Public Recruitment Ads posted on the Dark Network

This spokesperson said that the money laundering method used by fraudsters involves overseas crimes. Overseas criminals place orders through taxi software. Uber drivers receive orders and complete credit cards stolen from criminals through taxi software. The fee is charged and some of them are remitted to the hands of overseas criminals.

This approach is attractive to Uber drivers because they think they can get paid without actually carrying passengers. The spokesperson said, but what they didn't realize was that it was not only to deceive the Uber platform, but also to telecommunication fraud. These drivers are legally responsible.

Mador explained that criminals used a similar scheme on Airbnb. They usually post advertisements for recruiting landlords on the dark network, and after receiving the response, they complete the money laundering process with the landlord. But those landlords did not receive real guests, and once the money was washed through Airbnb's system, the landlord would return a portion of the income to cybercriminals.  

In an advertisement from Trustwave to recruit Airbnb landlords, a cybercriminal said he was looking for a real Airbnb landlord or homeowner to do money laundering. This ad was posted on the dark in May 2018.  

Airbnb said in a statement that Airbnb takes its responsibility as a financial ecosystem participant and develops complex models, systems and processes to detect and prevent all forms of abuse and illegal activities.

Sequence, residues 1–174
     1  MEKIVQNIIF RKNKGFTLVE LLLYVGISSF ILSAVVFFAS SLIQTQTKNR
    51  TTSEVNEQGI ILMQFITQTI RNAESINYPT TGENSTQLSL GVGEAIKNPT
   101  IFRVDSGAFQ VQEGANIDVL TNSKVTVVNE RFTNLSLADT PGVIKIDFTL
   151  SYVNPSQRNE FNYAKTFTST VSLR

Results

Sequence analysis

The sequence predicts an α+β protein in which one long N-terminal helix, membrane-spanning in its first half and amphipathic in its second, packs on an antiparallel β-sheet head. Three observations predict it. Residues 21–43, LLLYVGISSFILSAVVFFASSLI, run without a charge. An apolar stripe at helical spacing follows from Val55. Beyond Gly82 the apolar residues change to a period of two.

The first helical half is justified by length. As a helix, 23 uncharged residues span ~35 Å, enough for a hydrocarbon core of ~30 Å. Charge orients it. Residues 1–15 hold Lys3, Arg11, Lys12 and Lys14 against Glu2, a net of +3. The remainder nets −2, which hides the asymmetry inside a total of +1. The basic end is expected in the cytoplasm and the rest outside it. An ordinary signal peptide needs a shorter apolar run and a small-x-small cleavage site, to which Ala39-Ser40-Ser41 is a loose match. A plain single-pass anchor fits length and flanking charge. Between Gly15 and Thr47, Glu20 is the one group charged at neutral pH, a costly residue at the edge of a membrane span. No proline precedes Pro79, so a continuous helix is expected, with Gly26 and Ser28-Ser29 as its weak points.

In addition to the platform's own combat control, Airbnb works with financial institutions, regulators and law enforcement agencies to identify new trends in potential illegal activities and share information to combat illegal activities.  

Criminal agents also clean illegal bitcoin

In addition to the new money laundering methods mentioned above, cybercriminals continue to use traditional money laundering methods, especially bank remittances and gift cards.

Products like the iPhone are popular, and criminals buy a lot of iPhones with dirty money, sell them at very low discounts, and put clean money in their pockets.  

Virtual currency payment processors are also popular, a way to generate revenue from network initiatives such as ransomware. Such processors typically allow funds to be paid in cryptocurrency, masking the source of cash through multiple transaction layers.  

Professional criminals also offer a variety of methods to clean up illegally acquired bitcoins in the dark web chat room.

Madoer introduced one of the ways to use a blender, which divides Bitcoin into multiple accounts for transfer and eventually remits it to a clean account outside of the darknet. The mixer service provider makes this way of whitewashing illegal virtual currency a profitable illegal business by charging a service fee.

Red Star News reporter 丨Jiang Yijin Compilation report

Latest International News